‘No one is surprised here’: Former UMass researcher details experience in western Ukraine

  • Khrystyna Kunets, seventh from the left, volunteers with others in Lviv, Ukraine, to make camouflage netting for tanks. The effort is one of many Ukrainian civilians are making to aid their military after Russia invaded on Feb. 24, 2022. SUBMITTED PHOTO

  • Ukrainian volunteers in Lviv, Ukraine make camouflage netting for tanks. The effort is one of many Ukrainian civilians are making to aid their military after Russia invaded on Feb. 24, 2022. SUBMITTED PHOTO

  • People gathered at the border between the Hungarian village of Tiszabecs and Ukraine, where refugees from Russia’s invasion of Ukraine are fleeing. SUBMITTED PHOTO

  • A Hungarian school that has been turned into a refugee shelter for Ukrainians and others fleeing the Russian invasion of that country. SUBMITTED PHOTO

  • A donation center in Nyiregyhaza, Hungary, set up to help refugees from from Russia's invasion of Ukraine. SUBMITTED PHOTO

Staff Writer
Published: 3/3/2022 8:03:21 PM
Modified: 3/3/2022 8:02:56 PM

Normally, Ukrainian linguist Khrystyna Kunets spends her workday like many academics do, teaching and researching topics to which she’s devoted her professional career, such as semantics, syntax and translation studies.

Nowadays, however, the Ukrainian university where Kunets teaches has been closed indefinitely and war refugees are pouring into her city, Lviv, in the country’s west where the Russian military invasion has not yet arrived.

She finds herself volunteering every day — weaving camouflage netting for tanks, for example, or handing out humanitarian aid to refugees arriving at the train station.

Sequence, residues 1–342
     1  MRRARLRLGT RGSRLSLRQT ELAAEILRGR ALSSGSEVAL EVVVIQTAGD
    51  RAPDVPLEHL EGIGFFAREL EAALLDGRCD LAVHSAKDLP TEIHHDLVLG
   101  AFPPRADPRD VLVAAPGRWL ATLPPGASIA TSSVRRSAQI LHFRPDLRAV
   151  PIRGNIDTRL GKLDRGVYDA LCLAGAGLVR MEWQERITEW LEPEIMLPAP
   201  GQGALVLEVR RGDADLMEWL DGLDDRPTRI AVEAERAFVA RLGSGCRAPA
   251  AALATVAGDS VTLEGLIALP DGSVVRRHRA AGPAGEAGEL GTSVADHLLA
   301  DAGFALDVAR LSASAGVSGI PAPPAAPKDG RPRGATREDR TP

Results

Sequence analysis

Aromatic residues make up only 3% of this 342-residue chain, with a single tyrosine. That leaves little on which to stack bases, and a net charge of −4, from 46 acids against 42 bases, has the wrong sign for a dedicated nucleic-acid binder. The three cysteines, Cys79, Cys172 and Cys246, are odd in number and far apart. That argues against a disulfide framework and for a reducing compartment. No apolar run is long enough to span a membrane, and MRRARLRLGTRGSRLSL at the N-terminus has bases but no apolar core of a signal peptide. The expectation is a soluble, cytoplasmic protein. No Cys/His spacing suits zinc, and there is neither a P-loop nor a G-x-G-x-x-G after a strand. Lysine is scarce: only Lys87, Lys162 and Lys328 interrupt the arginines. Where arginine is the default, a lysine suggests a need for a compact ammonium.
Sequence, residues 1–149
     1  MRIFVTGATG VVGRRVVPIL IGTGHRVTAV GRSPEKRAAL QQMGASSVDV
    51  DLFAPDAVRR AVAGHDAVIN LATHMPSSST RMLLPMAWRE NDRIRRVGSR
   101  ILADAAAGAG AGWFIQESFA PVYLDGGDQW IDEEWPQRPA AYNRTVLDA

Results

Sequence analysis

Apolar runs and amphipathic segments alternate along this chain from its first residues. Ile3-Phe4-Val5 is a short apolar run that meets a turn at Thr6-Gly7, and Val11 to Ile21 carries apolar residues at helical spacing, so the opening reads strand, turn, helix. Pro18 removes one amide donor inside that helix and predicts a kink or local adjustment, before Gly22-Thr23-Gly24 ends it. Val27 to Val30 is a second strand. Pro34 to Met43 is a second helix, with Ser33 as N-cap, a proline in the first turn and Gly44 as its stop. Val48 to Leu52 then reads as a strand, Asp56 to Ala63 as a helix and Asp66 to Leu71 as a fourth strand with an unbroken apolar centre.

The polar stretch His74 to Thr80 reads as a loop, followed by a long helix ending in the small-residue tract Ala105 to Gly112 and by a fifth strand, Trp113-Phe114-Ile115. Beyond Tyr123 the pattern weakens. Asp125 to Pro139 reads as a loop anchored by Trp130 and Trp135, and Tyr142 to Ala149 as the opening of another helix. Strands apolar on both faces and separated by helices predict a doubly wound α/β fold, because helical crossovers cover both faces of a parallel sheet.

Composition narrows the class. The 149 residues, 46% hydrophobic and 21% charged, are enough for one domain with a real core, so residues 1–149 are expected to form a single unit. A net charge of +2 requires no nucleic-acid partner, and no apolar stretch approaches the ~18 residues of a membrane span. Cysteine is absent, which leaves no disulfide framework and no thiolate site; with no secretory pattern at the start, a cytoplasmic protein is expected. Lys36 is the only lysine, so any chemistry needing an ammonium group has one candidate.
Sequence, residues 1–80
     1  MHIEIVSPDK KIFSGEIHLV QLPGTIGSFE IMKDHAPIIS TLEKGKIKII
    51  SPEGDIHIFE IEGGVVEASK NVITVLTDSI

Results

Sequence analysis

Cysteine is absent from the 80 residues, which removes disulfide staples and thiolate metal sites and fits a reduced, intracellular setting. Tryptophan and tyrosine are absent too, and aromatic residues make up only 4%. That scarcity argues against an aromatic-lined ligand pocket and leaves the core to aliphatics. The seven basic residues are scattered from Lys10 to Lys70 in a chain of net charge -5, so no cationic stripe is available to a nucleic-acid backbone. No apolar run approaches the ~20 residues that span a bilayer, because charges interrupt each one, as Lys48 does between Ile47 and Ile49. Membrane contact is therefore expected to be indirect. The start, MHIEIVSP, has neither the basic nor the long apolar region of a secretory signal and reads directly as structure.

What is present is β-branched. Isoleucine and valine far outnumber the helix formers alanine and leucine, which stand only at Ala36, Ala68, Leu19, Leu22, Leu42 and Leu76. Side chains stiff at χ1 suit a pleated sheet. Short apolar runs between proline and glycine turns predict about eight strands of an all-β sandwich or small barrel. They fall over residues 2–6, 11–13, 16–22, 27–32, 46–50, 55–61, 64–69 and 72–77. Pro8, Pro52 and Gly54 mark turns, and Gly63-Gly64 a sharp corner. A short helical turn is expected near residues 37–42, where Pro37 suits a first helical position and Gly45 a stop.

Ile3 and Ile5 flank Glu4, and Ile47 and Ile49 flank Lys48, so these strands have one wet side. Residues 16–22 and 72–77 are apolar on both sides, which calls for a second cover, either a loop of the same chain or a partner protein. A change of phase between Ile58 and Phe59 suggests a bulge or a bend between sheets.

“Everyone I know is doing the same thing,” Kunets said.

Her grandmother died last year, and she has been letting refugees fleeing central and eastern Ukraine sleep at the empty apartment where her grandma had lived. “People sleep there almost every night.”

It was only two years ago that Kunets was a Fulbright-funded researcher at the University of Massachusetts Amherst. She was forced to return to her native Ukraine earlier than expected because of the COVID-19 pandemic, and at the time that seemed like a big blow to handle, she said. Today, it pales in comparison to the difficulties she and others are facing.

Kunets is one of those with connections to the Connecticut River Valley who are now dealing with Russia’s war on Ukraine. Kunets said that although Amherst was her home for only a year, many from the region have reached out to help. Ukrainians in the diaspora in western Massachusetts and others with connections to the region have been donating money and connecting with loved ones to make sure they’re safe.

“I’m really, really grateful to the Amherst community,” Kunets said, calling for people to donate to Ukraine’s military as it fights for the country’s independence and sovereignty. “The aid we need first is military aid … Our army is our only protection.”

There also have been local demonstrations against the war. On Friday at 1 p.m., a group of Russian citizens studying in Amherst is organizing a downtown rally in support of Ukraine.

“We are against Russian military aggression in Ukraine,” the group said in a statement Thursday, adding that their hearts are with the Ukrainians suffering from the war. “We do support Russian citizens, who are taking the risks to go to jail and being beaten by police, and who have courage to protest against this war.”

Memories of war

Maria Laplante of South Hadley is originally from the eastern Hungarian city of Nyiregyhaza, which is around 50 miles from Ukraine’s western border. Though Laplante moved to the United States 18 years ago, she still has many family members in Nyiregyhaza, who are organizing help for the Ukrainian refugees arriving in Hungary every day in large numbers.